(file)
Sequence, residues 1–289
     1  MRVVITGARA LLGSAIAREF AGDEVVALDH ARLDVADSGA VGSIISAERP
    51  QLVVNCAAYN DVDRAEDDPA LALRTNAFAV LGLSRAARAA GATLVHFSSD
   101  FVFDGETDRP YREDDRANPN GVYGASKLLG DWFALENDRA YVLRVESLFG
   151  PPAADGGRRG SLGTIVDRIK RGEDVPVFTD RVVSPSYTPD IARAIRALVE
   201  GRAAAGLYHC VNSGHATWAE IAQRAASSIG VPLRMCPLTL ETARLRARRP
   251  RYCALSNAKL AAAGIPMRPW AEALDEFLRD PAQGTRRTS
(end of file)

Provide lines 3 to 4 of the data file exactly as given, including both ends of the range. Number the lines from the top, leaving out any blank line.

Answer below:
    51  QLVVNCAAYN DVDRAEDDPA LALRTNAFAV LGLSRAARAA GATLVHFSSD
   101  FVFDGETDRP YREDDRANPN GVYGASKLLG DWFALENDRA YVLRVESLFG